Doug Aitken, Broken Screen: 26 Conversations With Doug Aitken, Expanding the Image, Breaking the Narrative. (D.A.P., 2006).
Only after cinema has freed itself from linear narrative can it do justice to the multifaceted, fluid and metacritical phenomenon we define as reality. Or so goes the premise of the alternately frustrating and fascinating book, Broken Screen: Expanding the Image, Breaking the Narrative: 26 Conversations with Doug Aitken. The interviewees who share their insights on the potential of nonlinear aesthetics include figures as diverse as Richard Prince and Rem Koolhaas, Gary Hill and Pipilotti Rist, Claire Denis and Alejandro Jodorowsky. While such an inspired list of participants might have been mined for interlacing veins of speculation and theory, no such connections are made. Instead, their conversations are arranged alphabetically (Eija-Liisa Ahtila to Robert Wilson), as if grouping them by generation or medium would have been too manipulative or deterministic.
The only scheme that Aitken, an artist and filmmaker, imposes on his subject is found far in the back of the book, where a fancifully drawn “Diagram of Nonlinear Film” assigns various classic works into sectors designated as “Manipulation of Structure and Story Line” (Sherlock, Jr.; Persona; Zabriskie Point), “Structural Manipulation” (Cat’s Cradle; Breathless; Scorpio Rising), “Story Line Manipulation” (8 Â½; The Mirror; Lost Highway), “Broken Image” (Napoleon; Chelsea Girls; Media Burn), and “Immersion,” which includes architectural and multimedia works such as Kurt Schwitters’ Merzbau, Stan VanDerBeek’s Movie-Drome and Labyrinthe by Roman Kroiter.
Yet even a loose and overlapping framework like this helps to build correspondences among artists. Aitkin’s conversation with Eija-Liisa Ahtila, whose multi-screen installations utilize both time and space, would have been more illuminating if it were placed under the heading of “Immersion” with the likes of environmental artist Olafur Eliasson, for whom the location of the viewer’s body is essential to the experience of his work, and Rem Koolhaas, who cites Hitchcock’s montage as a peak influence on his approach to the sequencing of architectural space.
These quibbles aside, taken as a whole, the book is an up-to-the-minute meditation on the inherent tension between the implied truth of documented reality and the manipulation of that reality in pursuit of a more subtle, yet more suspect, concept of truth. And, if the ideas expressed in Broken Screen are any indication, cinema’s umbilical connection to the real world seems to have endowed its most self-aware and forward-thinking practitioners with a sense of accountability toward the streams of perception influencing every aspect of human behavior. Recognizing linear narrative as visibly simplistic, they disrupt it with free association, layer it with shifting panoramas of sound, and/or compound it with consciousness-saturating visuals.
The ongoing experiments of Jean-Luc Godard, especially such late, uncategorizable masterworks as Notre Musique and In Praise of Love, hover behind many of the aesthetic positions staked out in this book. But, in a certain respect, Aitken’s klatch of artists and theorists (to risk a generalization) are really the children of John Cage, who, rather than selecting, organizing and refining sounds for concertgoers to enjoy, played with chance happenings (and in the process elevated reality’s cruel randomness to a form of ecstasy) and strove to open listeners’ ears to the entire sonic world.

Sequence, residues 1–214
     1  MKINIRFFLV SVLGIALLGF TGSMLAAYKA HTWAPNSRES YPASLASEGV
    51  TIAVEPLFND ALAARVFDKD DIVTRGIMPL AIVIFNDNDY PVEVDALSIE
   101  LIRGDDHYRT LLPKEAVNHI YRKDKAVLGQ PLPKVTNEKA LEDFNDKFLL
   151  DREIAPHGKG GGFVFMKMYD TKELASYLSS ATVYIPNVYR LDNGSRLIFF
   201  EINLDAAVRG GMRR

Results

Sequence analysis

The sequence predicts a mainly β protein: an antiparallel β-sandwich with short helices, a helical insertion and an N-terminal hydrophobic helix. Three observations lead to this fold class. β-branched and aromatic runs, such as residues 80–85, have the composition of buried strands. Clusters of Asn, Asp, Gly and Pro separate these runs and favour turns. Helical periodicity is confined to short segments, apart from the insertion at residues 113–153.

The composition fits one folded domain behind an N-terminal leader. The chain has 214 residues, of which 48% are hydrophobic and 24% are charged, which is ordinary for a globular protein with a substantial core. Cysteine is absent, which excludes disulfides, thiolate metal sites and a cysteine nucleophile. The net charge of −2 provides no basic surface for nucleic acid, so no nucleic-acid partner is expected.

A movie like Timecode, written and directed by Mike Figgis, can be taken as a touchstone for the kind of liberated cinema envisioned by Aitken and his chat-mates: four separate stories, shot on video in real time, unfolding simultaneously on a four-part grid. The viewer, though nudged toward one quadrant or another by fluctuations in the audio, is nonetheless free to follow whichever storyline he or she prefers. While Figgis, originally a musician, states that he “actually structured the entire film on musical paper” and commentators have likened its interwoven narratives to a string quartet, the differences in how the brain processes aural and visual information would seem to set an outside limit on cinematic complexity.
A concert of Cage’s music, while shredding commonly held notions of rhythm or melody, can still be a visceral experience thanks to the abstract nature of sound and the physical effects of vibration on the human body. Visual overstimulation, however, is often too much to download, so to speak; as our intellects play catch-up, our emotions lag behind. Timecode is engaging to watch, but by the end feels chilly and flat. Even masterful editing and sound design (think Robert Altman) can become overly concerned with its own brilliance, to the detriment of character and story.
This is not to suggest that diverting from linear narrative is a dead end; as affirmed time and again by the contributors to this book, it is essential to the survival of the art form. “But,” as Werner Herzog tells Aitken, “the real question is how you wrestle meaning from film and meaning from life.” Our relationship with media is in constant flux, and to keep up with its increasingly fragmented discourse, artists invent formal correlatives that are perforce more disjointed and complex. Yet these innovations aren’t solutions in themselves, and they sometimes stand in the way of a more organic approach. As Amos Vogel, cofounder of the New York Film Festival and author of the landmark study Film as a Subversive Art, puts it, “I am constantly taken aback by the total misuse of the wonderful creative function that human beings possess to create new forms, new shapes and new ideas. There is a certain purity to expressing your own inner self, you know?”